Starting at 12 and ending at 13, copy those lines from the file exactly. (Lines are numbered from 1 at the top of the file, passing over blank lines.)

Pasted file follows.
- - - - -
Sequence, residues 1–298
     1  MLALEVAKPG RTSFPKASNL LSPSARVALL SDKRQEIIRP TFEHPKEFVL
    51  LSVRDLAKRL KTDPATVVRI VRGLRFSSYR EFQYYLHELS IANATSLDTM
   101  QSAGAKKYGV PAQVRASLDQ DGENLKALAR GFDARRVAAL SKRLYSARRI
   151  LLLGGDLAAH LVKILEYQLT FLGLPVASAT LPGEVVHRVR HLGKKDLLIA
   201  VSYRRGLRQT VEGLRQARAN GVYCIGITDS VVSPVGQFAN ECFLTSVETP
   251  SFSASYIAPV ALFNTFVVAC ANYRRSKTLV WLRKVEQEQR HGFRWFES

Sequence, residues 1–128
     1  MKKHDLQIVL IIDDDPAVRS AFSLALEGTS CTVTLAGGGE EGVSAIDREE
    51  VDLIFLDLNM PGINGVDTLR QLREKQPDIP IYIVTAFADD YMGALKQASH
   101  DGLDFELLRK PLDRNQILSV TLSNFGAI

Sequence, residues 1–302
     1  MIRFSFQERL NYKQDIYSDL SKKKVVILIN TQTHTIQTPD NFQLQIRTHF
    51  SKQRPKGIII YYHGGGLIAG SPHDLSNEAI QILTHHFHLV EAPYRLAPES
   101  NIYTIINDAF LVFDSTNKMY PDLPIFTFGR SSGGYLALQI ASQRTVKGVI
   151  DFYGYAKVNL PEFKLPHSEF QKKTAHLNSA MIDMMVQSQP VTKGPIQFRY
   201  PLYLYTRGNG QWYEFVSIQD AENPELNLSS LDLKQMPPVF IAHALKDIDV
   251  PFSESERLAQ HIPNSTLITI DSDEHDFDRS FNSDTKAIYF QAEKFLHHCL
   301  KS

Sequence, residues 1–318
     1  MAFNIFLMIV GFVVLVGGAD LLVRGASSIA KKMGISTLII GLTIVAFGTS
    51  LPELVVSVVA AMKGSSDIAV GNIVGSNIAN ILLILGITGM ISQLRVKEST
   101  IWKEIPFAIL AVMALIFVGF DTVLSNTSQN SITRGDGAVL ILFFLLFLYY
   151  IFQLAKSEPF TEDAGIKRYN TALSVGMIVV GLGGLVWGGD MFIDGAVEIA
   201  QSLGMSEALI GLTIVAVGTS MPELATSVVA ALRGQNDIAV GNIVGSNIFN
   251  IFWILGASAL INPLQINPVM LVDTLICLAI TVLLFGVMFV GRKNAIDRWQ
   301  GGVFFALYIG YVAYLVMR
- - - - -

Sequence, residues 1–302
     1  MIRFSFQERL NYKQDIYSDL SKKKVVILIN TQTHTIQTPD NFQLQIRTHF